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The relationship between stress and disease

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    Tashika B.
    US
    Tashika B.

    I definitely overstand the cause and effect of stress and disease.

    Peter Awuni A.
    GH
    Peter Awuni A.

    Do coping ability vary?

    Darrell L.
    US
    Darrell L.

    The diseases listed are caused from stress; can it be considered that those diseases would not exist otherwise without stress? What I mean is, are these diseases only present where stress is a factor?

    Darrell L.
    US
    Darrell L.

    Is there any stage in the three stages of stress that can be prevented in order to prevent exhaustion or disease?

    Melissa Stephanie A.
    GB
    Melissa Stephanie A.

    It shows such a very detailed impact of the damage that happens to the human body when under stress and millions believe it is only a mental issue and all part of the persons ability to cope mentally, this is the truth of how the stress takes over the whole system within the body, it does impact mentally which then impacts on the body and also causes damage which may be can be cured but if there is physical weakness it could obviously do such damage that could result in death. This should be made more accessible to raise peoples awareness of how it could impact.

    Abdulkadir Ahmed O.
    BD
    Abdulkadir Ahmed O.

    stress can cause a disease in our body

    Odongo M.
    UG
    Odongo M.

    Psychology -> The relationship between stress and disease The relationship between stress and disease the relationship between stress and disease Prolonged, intense stress has also been related to illnesses such as psychosomatic disorders. These are illnesses in which psychological factors play a part in producing actual damage to the body or changes in how the body functions. There are a number of illnesses thought to be psychosomatic such as bronchial asthma, high blood pressure, migraine headaches, stomach ulcers, arthritis, heart disease, hives and other disorders associated with over arousal of the autonomic nervous system. the general adaptation syndrome One of the major contributors to stress research was Hans Selye (1956) who identified and described the General Adaptation Syndrome (GAS). After he exposed rats to a large number of physical and psychological stressors, he concluded that all stressors produced essentially the same pattern of results. He believes the reactions to prolonged stress consists of three stages: alarm: where the individual is mobilised for action resistance: the individual attempts to cope with the threat through fight or flight exhaustion: the individual is unable to overcome the threat and the energy resources have been depleted through attempts to reduce the threat. This stage is associated with signs of physical wear and tear, especially in organ systems that were weak in the first place or heavily involved in the resistance process Seyle's model of stress has been very influential but it underestimated the role of psychological factors, such as emotional factors or the way a person thinks about stressors. Psychobiological models of stress emphasise the importance of psychological as well as biological variables in regulating and producing stress responses.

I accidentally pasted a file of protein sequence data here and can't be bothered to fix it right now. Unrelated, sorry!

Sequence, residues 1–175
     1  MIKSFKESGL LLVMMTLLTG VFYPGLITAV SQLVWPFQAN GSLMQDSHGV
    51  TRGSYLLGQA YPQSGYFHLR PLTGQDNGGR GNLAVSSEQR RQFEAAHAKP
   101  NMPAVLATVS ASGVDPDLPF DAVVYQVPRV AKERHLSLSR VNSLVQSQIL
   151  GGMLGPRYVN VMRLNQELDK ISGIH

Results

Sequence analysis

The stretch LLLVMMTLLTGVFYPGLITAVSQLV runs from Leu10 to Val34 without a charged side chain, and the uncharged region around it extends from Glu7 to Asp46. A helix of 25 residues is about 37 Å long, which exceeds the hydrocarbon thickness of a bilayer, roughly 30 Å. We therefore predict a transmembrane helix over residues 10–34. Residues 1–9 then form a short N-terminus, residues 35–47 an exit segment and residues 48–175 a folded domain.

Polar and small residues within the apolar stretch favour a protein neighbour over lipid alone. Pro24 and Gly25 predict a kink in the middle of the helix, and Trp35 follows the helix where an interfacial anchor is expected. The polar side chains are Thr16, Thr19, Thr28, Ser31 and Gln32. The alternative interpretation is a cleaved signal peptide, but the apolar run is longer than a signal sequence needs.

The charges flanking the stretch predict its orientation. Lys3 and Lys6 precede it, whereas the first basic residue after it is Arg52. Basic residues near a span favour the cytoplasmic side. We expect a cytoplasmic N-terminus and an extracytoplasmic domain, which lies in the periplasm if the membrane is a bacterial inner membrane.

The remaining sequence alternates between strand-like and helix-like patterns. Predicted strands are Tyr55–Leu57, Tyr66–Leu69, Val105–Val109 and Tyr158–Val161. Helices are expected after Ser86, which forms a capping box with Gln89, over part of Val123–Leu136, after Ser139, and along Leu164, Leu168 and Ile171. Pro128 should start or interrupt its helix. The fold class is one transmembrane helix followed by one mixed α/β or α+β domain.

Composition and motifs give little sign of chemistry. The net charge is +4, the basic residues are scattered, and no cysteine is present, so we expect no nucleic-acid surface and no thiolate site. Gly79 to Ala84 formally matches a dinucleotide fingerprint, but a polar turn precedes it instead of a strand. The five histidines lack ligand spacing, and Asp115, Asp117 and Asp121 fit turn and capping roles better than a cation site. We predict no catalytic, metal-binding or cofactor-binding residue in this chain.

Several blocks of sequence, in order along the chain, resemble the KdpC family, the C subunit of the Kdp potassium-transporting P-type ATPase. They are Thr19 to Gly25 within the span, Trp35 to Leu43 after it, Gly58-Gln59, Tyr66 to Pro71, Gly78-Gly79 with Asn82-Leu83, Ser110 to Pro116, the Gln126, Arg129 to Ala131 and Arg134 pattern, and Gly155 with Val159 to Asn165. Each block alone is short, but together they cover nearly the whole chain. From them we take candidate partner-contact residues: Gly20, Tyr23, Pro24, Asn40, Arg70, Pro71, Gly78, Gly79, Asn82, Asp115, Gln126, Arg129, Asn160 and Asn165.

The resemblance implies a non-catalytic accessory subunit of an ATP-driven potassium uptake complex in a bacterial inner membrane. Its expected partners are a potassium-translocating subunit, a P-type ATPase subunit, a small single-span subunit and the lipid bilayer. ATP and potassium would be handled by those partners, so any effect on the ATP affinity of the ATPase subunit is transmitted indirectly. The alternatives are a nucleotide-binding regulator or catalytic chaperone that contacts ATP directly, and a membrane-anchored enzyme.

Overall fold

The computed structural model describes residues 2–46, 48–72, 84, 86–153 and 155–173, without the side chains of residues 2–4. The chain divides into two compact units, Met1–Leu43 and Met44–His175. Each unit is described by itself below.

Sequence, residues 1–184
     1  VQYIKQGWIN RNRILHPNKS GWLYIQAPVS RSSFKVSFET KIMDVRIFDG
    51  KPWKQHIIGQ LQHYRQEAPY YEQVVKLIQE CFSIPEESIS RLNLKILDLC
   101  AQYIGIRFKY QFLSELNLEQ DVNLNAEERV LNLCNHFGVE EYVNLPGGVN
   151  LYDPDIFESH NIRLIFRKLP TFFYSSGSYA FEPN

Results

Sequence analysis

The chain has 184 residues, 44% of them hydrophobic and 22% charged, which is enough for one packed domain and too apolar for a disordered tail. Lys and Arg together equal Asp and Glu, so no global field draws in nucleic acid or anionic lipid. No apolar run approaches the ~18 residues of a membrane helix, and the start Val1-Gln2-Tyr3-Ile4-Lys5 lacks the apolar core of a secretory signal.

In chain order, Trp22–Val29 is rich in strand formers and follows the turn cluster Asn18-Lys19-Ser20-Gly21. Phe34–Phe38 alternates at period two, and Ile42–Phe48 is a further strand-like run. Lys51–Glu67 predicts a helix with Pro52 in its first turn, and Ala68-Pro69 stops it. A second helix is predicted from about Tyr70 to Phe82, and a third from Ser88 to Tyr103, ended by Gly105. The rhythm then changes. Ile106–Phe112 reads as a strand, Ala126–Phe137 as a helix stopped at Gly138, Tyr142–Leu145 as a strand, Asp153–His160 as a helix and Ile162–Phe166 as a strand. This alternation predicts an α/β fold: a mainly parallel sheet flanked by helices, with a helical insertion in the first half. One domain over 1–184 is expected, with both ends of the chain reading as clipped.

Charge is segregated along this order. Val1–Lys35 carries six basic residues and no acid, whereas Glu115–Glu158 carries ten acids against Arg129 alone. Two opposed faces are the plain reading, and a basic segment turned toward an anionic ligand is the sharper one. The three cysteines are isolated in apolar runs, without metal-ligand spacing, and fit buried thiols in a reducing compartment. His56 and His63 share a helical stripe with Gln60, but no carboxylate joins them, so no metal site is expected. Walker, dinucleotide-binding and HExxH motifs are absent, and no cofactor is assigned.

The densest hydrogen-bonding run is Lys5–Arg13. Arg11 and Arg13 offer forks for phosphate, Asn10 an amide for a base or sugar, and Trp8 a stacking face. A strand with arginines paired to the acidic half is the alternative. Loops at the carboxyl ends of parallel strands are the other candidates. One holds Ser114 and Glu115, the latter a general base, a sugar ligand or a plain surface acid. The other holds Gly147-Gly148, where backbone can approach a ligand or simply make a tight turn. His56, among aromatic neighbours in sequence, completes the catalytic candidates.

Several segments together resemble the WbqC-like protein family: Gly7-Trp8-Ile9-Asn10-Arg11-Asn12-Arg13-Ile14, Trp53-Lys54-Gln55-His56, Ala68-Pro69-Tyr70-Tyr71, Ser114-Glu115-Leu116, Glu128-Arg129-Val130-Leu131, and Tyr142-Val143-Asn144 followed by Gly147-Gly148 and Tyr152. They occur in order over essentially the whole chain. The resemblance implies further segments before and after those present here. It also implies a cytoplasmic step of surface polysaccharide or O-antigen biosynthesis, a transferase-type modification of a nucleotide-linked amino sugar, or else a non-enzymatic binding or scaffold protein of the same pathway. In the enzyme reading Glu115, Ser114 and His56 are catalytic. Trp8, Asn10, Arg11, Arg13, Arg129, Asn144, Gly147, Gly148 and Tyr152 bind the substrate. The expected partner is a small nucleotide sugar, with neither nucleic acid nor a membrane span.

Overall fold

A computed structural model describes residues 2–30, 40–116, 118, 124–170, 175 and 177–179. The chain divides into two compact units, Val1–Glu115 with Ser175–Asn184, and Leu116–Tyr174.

Toni M.
    CA
    Toni M.

    stress can do a number on your body by playing with our mind and body

    Dominic M.
    KE
    Dominic M.

    prolonged stressors can cause illnessess and methods to overcome them should be devised to save the victim.

    Dominic M.
    KE
    Dominic M.

    is there a particular cure for stress a process?

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